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dongilbert commented Jun 3, 2013

I didn't get a chance to finish my last comment either. Probably hit some key combination that closed it - idk

We don't have a Response class, per sé. We just use our Application class to handle the response, which I'm not a fan of. So, it's a possibility we refactor and build on top of HttpFoundation? I don't know.

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realityking Jun 3, 2013

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All the storage engine we currently support art still supported with this pull request. With the added advantage since they implement a standard PHP interface they can easily be used without any sort of session class. We'd also gain handlers for PDO and MongoDB for free.

As for our implementation - it has several big flaws, including the flowing:

  • Session handlers have to be implemented according to our own interface, have to follow a certain naming convention and can't take any dependencies so they rely on globals. (Like the current database handler relies on Factory::getDbo())
  • It's hard to create a mock session (for example for use in a CLI environment) because we're tightly coupled with $_SESSION. This also hurts our testability.
  • We haven't done most of the changes to use the newer features available in PHP 5.4 to make it more reliable.
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realityking commented Jun 3, 2013

All the storage engine we currently support art still supported with this pull request. With the added advantage since they implement a standard PHP interface they can easily be used without any sort of session class. We'd also gain handlers for PDO and MongoDB for free.

As for our implementation - it has several big flaws, including the flowing:

  • Session handlers have to be implemented according to our own interface, have to follow a certain naming convention and can't take any dependencies so they rely on globals. (Like the current database handler relies on Factory::getDbo())
  • It's hard to create a mock session (for example for use in a CLI environment) because we're tightly coupled with $_SESSION. This also hurts our testability.
  • We haven't done most of the changes to use the newer features available in PHP 5.4 to make it more reliable.
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ghost Jun 3, 2013

It would be a big win for you to use as much of HttpFoundation as possible. We did in Zikula and we're not looking back. you can make interesting BC layers in the beginning. Do it, you wont regret it.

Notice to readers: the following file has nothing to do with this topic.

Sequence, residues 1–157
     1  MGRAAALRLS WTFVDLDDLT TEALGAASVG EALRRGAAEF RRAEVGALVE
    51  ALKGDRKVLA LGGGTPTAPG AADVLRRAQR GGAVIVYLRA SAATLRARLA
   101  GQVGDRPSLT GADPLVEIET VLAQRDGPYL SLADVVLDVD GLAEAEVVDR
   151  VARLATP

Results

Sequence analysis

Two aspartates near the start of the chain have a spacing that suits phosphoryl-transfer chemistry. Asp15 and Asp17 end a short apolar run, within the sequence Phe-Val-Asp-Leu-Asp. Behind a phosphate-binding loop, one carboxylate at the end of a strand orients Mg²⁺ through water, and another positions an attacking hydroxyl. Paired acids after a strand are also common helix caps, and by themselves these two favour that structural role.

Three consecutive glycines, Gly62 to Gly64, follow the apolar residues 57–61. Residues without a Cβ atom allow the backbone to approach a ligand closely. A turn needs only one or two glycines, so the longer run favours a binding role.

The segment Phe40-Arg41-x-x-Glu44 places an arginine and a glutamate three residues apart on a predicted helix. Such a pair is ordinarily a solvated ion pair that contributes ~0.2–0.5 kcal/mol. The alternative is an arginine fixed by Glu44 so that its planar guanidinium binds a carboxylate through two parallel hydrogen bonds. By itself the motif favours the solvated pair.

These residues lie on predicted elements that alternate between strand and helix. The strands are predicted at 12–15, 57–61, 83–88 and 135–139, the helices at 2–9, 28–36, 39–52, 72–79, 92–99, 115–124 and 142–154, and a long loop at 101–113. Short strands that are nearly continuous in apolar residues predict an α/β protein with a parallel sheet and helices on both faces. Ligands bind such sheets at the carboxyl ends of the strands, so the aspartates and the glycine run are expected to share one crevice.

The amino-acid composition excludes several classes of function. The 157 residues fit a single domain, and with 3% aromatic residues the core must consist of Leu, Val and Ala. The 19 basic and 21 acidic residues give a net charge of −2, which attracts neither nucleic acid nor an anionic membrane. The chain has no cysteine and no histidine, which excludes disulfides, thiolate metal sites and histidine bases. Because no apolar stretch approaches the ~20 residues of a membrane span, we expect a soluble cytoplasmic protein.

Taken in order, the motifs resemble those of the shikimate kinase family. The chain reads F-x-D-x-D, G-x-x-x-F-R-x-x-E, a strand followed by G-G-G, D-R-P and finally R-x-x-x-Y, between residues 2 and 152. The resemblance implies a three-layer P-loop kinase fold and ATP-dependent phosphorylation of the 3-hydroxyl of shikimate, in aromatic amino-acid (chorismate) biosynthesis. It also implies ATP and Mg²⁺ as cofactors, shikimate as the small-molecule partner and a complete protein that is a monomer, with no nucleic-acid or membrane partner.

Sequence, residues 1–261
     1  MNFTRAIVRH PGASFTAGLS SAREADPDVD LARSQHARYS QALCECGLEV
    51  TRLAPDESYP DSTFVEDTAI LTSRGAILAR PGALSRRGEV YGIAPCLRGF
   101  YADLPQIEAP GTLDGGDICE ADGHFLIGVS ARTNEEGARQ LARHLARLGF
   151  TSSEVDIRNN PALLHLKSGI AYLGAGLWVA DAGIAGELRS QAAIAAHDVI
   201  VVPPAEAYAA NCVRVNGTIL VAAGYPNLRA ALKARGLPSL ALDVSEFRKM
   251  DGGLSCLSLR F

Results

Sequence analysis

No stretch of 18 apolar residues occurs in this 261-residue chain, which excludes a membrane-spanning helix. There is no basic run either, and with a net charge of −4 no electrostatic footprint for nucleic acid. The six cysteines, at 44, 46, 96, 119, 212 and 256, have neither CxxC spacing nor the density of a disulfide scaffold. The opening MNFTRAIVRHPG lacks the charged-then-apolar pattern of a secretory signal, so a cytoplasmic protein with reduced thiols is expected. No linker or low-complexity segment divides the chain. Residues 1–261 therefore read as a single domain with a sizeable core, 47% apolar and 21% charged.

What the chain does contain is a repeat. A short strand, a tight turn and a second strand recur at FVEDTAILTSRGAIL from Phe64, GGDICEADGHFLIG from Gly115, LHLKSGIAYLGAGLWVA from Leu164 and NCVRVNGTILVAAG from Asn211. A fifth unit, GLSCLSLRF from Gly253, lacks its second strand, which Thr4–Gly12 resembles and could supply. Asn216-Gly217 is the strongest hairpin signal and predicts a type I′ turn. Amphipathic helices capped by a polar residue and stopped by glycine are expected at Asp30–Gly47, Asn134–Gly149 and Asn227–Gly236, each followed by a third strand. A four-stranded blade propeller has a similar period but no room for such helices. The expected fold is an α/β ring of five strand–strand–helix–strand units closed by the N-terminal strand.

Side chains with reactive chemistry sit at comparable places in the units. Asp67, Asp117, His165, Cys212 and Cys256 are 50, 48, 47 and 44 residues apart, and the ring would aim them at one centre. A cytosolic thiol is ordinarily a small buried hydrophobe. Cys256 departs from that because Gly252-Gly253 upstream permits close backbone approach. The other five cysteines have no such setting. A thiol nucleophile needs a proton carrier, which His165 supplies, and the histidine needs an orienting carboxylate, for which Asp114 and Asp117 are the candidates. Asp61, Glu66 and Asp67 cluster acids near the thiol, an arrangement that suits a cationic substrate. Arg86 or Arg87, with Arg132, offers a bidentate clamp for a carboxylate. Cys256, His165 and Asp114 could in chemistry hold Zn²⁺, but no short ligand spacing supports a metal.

ghost commented Jun 3, 2013

It would be a big win for you to use as much of HttpFoundation as possible. We did in Zikula and we're not looking back. you can make interesting BC layers in the beginning. Do it, you wont regret it.

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@Drak
That's really a completely different discussion. Our approach is fundamentally different from Request (unified input for CLI and HTTP, stronger focus on input serialization). I do like Symfony2's Response class though.

I've opened #174 so we have a place to discuss this independently of the Session.

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realityking commented Jun 3, 2013

@Drak
That's really a completely different discussion. Our approach is fundamentally different from Request (unified input for CLI and HTTP, stronger focus on input serialization). I do like Symfony2's Response class though.

I've opened #174 so we have a place to discuss this independently of the Session.

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dongilbert Jun 4, 2013

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Considering the deficiencies in our own implementation that you pointed out, @realityking, I'm starting to see the benefits of just using this instead. Especially if we utilize the Response layer as well, it would be a "big win" as @Drak so eloquently stated. 👍

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dongilbert commented Jun 4, 2013

Considering the deficiencies in our own implementation that you pointed out, @realityking, I'm starting to see the benefits of just using this instead. Especially if we utilize the Response layer as well, it would be a "big win" as @Drak so eloquently stated. 👍

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I've been watching this with great interest because I believe that these interproject collaborations are key to strengthening all involved. Very encouraged to see these discussions. To me, it's not a question of whether or not to forge these kinds of partnerships, but when, and how, and in conjunction with what framework strategy.